View Full Version : Why are raisins important for making mead ?

12-11-2012, 03:07 AM
While I've been brewing beer for years, this is a whole new concept for me and as a noob I'm curious why I'me seeing them listed in so many recipes.

12-11-2012, 03:22 AM
still a noob myself but if iremember correctly from what ive read they are a basic/natural alternitive to useing DAP. mainly used to help the yeast get strong and helathy, must is very low on nutrients so they are used to increase the YAN? wort has much higher nutrient levels then a must so would not need much extra help for a healthy fermentation.

12-11-2012, 04:30 AM
not only some nutrient, but they can also help with body/viscosity, tannins, etc.

All the stuff that is different in a basic wine must when compared to a basic honey must and it's finished taste, mouthfeel, viscosity etc etc

Sorry, can't really explain it very well.

It's a bit like having a finished mead that's light on body, sweetness, etc. there are some white grape concentrates that have a distinctly honey like flavour and characteristics (I like Chenin Blanc).

You can add them to a stabilised must and it not only improves sweetness but some of the above qualities as well.

12-11-2012, 06:22 PM
Mostly the raisins are a holdover from the "dark ages" of meadmaking. They are used because mead was made in a way that winemakers understood (so tannin and acid additions become important) and it was known that honey needed...something...to support the yeast health. Raisins do have some nutrient content, but you'd have to add a ton of them to get to the recommended levels for "modern" meadmaking.

A lot of recipes out there on the interwebs, including here, are taken directly or slightly modified from the original playbooks of the 1970s-1990s. Much has changed since then, so take a look at some of the more recent recipes. The best ones are in the Patron section, but you can find good ones in the Mead Log section as well.

Mead with honey, raisins, and a scoop of acid blend do ferment and can make good products; so don't think that you have to throw out all the old recipes. But definitely take the new information into account as well. Generally the newer recipe formulations will give you a faster, cleaner, more predictable outcome. Whether or not that means "better" is up to you.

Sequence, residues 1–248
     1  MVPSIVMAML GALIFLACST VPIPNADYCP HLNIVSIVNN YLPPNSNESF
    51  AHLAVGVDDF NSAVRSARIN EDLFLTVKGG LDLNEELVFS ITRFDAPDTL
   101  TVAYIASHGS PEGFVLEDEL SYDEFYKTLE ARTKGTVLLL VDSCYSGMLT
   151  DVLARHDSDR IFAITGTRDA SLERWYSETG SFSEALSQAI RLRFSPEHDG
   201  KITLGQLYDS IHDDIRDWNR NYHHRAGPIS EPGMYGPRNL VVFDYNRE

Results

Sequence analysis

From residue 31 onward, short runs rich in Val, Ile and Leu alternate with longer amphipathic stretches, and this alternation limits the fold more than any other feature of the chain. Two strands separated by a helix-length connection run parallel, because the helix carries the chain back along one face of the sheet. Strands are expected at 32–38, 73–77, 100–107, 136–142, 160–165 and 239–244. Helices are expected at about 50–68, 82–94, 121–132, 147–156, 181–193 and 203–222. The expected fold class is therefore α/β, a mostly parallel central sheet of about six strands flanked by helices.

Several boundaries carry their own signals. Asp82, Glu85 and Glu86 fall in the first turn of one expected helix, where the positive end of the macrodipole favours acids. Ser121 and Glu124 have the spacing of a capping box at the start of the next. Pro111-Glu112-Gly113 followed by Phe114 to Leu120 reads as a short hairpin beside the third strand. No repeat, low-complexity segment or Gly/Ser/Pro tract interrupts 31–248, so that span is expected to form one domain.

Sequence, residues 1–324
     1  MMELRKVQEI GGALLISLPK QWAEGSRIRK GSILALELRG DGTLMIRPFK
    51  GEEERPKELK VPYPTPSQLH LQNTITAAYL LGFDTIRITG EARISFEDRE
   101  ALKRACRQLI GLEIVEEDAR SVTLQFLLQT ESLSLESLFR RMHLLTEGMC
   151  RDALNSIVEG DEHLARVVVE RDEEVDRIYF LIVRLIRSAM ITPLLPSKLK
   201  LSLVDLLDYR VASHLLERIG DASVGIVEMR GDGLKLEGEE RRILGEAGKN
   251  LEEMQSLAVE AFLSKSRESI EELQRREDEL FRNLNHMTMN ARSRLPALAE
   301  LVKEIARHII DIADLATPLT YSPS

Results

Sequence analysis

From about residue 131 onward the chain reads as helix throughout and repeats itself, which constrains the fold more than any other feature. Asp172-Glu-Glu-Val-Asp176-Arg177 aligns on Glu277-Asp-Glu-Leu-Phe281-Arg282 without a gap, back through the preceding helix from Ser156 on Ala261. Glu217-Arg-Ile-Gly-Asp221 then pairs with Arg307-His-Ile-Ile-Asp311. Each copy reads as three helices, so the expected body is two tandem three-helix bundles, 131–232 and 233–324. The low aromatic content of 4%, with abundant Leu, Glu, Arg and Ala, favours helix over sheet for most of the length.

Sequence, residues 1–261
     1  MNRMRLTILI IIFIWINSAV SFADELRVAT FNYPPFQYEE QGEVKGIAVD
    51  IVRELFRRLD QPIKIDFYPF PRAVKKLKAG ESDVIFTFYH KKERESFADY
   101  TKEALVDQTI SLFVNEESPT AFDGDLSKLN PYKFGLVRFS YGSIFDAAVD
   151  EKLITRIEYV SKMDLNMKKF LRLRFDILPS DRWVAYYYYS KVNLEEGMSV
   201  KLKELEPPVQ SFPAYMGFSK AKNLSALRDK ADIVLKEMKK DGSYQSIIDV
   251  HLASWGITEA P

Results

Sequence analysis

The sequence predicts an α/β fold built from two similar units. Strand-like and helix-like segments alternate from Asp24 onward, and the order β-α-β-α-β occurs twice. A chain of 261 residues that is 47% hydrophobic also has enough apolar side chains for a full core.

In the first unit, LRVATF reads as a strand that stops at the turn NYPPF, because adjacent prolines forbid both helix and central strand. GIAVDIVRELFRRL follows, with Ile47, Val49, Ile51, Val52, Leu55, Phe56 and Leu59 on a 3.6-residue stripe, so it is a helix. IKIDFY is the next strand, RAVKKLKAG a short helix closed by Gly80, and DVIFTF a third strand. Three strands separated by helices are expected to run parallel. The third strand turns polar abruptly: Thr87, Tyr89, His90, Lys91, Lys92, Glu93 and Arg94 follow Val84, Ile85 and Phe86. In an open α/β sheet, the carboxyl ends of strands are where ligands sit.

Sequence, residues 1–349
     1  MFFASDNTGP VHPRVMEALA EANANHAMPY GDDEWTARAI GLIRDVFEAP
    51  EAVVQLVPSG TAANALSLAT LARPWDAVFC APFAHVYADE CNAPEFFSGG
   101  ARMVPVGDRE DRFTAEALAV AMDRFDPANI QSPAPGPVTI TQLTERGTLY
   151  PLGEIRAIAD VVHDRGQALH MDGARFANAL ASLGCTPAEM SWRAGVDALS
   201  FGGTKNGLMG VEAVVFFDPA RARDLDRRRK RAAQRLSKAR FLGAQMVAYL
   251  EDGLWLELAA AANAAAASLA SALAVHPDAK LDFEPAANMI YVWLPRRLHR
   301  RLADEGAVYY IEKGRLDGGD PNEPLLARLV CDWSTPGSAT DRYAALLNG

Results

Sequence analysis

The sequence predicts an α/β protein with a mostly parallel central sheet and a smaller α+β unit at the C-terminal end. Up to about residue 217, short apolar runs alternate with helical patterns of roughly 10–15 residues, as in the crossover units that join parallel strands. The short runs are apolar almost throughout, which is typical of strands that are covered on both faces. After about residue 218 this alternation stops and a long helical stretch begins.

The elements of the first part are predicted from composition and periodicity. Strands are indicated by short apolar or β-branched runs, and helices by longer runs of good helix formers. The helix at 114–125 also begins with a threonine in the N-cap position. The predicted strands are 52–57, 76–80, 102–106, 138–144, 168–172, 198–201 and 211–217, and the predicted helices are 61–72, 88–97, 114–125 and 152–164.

12-11-2012, 07:21 PM
i would suspect it also comes from the days of using natrual yeasts found on grapes.

12-11-2012, 08:44 PM
I've actually used pure raisin juice (raisins boiled and mashed in water) to make a good yeast starter for ciders. Whatever it has in it, the yeasts like mucho.

Chevette Girl
12-11-2012, 11:17 PM
I regularly use a pound of raisins per gallon (soaked in water then puréed) or a few hundred mililitres of white grape concentrate for wines that tend to lack body, like pear wine. I can definitely taste the difference between batches where I used it and batches where I didn't.

I forgot the raisins last time I made JAO, I really should check the SG on those batches to see if it came out any differently from the usual...

And yes, I have read old recipes where you'd use a piece of fruit for its naturally occurring yeast to get things started :)

12-13-2012, 05:10 PM
I converted a family cider recipe to a more modern version, but left the raisins in. They will leave quite a difference in flavor when used in large enough quantities. In this case I think it was 4lbs of raisins per 5 gallons.

Before the recipe update was made, the recipe tended to make vinegar much more often than cider ;D Sometimes though, awesome cider. Tough depending on fruit for natural yeast. Doable, but you gotta have patience. And somewhere to use/stash all the resultant vinegar... :eek: